The SPLC. Borzellieri does a good job of documenting the true nature of this bogus organization.

Among the heroes are:

Borzellieri’s former students at  St. Barnabas High School in the Bronx. They signed petitions and gave Borzellieri much needed moral support during his darkest hours. All of them are black or Hispanic.

Monsignor Edward Barry of St. Barnabas was the one who promoted Borzellieri twice after reading his books. He provided ongoing support after the firing.

Roy Innis, National Chairman of the Congress of Racial Equality. Innis wrote an eloquent letter praising, and defending Borzellieri. Corinne Lestch refused to cite it in her article.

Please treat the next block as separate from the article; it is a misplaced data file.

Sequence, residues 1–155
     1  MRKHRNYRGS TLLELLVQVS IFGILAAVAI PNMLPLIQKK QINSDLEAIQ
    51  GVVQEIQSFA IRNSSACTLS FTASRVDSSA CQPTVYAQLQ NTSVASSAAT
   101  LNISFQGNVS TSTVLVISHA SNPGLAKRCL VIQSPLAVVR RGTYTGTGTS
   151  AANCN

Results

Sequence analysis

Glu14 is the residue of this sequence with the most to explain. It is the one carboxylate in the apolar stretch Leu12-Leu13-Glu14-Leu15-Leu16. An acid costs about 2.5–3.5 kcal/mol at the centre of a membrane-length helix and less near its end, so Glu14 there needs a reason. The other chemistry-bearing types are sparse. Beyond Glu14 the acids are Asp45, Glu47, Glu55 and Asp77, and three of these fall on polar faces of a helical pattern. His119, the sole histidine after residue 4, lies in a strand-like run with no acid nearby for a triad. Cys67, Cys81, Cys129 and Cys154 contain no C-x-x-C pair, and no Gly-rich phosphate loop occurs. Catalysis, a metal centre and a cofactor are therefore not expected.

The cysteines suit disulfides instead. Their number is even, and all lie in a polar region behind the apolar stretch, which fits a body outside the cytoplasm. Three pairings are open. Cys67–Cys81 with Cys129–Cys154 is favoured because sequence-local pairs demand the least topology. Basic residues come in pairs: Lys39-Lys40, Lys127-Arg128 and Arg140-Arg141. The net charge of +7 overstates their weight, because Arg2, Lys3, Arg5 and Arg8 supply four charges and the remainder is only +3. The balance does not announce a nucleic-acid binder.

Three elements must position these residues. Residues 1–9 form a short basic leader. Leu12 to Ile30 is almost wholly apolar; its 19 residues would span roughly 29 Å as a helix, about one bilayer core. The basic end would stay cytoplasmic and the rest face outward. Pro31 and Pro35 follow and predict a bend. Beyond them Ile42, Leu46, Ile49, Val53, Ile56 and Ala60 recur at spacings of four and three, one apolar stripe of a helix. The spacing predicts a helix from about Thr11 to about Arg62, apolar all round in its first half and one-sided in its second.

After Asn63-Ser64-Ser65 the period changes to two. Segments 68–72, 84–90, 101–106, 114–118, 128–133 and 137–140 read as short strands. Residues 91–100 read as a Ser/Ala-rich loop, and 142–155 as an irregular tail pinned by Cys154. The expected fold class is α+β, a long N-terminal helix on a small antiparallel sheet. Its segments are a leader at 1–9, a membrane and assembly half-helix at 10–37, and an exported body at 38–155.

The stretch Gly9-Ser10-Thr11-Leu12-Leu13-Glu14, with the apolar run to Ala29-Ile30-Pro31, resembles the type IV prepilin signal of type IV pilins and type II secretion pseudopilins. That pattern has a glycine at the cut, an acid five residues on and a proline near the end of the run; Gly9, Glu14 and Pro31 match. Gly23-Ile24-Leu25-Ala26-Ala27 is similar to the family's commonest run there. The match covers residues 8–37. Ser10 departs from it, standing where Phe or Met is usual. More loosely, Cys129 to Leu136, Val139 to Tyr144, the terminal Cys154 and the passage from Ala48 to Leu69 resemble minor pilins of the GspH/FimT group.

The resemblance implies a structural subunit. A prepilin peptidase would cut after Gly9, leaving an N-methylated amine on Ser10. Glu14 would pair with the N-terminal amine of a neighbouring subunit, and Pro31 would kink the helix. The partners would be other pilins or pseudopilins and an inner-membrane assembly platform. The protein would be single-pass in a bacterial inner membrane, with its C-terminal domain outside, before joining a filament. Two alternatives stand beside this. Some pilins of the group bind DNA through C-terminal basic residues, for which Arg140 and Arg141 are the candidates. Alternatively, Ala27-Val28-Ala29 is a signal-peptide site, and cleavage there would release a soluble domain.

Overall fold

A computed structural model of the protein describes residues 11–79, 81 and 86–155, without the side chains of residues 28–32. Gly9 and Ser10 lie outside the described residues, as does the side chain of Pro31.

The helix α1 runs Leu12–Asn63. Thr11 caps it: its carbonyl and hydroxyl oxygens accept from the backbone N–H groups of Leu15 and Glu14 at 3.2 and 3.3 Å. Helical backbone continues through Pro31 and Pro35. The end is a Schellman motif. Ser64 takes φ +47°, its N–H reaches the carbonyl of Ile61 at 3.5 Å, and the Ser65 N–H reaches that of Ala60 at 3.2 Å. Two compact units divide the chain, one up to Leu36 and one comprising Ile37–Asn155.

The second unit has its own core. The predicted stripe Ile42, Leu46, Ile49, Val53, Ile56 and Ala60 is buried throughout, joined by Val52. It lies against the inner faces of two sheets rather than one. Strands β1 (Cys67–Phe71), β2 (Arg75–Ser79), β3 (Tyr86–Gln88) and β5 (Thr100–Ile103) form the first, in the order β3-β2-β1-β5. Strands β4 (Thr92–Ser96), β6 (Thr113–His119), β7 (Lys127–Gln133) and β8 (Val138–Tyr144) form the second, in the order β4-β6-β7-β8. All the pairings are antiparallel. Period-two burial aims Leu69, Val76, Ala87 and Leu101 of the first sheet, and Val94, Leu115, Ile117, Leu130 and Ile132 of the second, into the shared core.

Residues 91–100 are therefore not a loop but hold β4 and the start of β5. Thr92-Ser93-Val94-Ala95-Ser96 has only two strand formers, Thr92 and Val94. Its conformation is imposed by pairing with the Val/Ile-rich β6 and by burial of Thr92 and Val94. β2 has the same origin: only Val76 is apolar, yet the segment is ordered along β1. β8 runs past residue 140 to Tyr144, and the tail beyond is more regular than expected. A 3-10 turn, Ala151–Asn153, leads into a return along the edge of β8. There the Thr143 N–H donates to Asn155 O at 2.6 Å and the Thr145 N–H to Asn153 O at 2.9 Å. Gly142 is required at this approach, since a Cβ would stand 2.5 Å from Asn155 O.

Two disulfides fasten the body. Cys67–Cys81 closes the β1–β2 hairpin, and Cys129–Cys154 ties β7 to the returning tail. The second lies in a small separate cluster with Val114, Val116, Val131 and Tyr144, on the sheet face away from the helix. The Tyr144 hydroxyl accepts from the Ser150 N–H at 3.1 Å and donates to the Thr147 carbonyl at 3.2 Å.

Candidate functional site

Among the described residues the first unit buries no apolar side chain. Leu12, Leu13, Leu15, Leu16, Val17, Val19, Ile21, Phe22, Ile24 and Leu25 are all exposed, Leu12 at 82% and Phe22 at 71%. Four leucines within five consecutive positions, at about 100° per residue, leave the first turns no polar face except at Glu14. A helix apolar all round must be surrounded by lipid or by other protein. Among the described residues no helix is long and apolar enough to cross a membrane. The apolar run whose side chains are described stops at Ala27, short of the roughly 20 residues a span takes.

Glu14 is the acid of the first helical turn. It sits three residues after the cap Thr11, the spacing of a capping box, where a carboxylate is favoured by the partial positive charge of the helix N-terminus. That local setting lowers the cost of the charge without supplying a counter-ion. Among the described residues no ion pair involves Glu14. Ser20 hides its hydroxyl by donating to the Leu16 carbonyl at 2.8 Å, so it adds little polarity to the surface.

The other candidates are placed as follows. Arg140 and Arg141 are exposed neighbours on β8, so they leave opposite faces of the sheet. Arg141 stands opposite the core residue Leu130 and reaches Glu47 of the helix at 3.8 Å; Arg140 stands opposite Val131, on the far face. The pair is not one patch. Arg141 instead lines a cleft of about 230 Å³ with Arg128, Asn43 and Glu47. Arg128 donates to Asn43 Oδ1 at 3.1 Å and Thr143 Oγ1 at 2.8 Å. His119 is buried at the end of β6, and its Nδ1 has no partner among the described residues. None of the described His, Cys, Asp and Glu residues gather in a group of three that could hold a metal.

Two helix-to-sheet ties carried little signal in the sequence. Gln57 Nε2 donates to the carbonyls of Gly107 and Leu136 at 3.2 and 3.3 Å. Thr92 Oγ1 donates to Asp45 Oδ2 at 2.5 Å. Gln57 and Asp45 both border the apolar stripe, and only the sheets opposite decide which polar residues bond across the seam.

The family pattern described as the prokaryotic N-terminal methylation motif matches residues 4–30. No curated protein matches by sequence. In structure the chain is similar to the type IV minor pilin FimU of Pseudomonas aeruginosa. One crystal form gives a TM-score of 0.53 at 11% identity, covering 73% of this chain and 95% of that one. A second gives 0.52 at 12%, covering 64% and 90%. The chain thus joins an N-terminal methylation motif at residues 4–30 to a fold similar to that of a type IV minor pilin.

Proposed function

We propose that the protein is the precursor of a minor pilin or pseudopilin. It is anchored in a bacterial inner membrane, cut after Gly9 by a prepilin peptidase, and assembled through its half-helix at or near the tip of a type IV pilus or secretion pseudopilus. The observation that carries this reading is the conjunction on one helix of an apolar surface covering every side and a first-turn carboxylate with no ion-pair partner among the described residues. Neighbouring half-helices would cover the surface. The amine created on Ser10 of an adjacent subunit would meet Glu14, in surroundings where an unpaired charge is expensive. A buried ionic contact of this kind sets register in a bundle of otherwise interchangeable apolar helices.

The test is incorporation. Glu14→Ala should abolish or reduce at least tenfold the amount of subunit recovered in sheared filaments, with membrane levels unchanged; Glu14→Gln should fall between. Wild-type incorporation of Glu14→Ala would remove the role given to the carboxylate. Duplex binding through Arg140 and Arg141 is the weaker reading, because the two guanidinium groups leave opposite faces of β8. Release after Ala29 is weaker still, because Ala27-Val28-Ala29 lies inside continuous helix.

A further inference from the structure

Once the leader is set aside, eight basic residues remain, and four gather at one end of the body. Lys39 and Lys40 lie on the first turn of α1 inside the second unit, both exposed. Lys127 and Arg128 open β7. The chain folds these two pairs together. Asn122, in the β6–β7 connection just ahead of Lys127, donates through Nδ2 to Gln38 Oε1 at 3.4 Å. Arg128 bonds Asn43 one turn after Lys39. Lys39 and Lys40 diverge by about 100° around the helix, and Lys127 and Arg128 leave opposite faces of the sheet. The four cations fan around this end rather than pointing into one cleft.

Jared Taylor and American Renaissance have continued to publicize Borzellieri’s plight, giving him a platform to appeal for assistance, and even giving him the podium for this purpose. This sets a fine example of how we must help each other and support, each to the best of his ability, our own people.

As to the quality of the book, I think it’s well written overall. It is a bit repetitive at times, but I attribute this to the dual purpose this book seems to serve: A compendium of evidence and material that Borzellieri might use for his pending lawsuit and a means to educate the public.

In conclusion, I’ll quote from the book’s conclusion:

There is currently a libel defamation lawsuit filed against the Daily News, Corinne Lestch, Ann Marie Zagaglia, and Connie Anestis…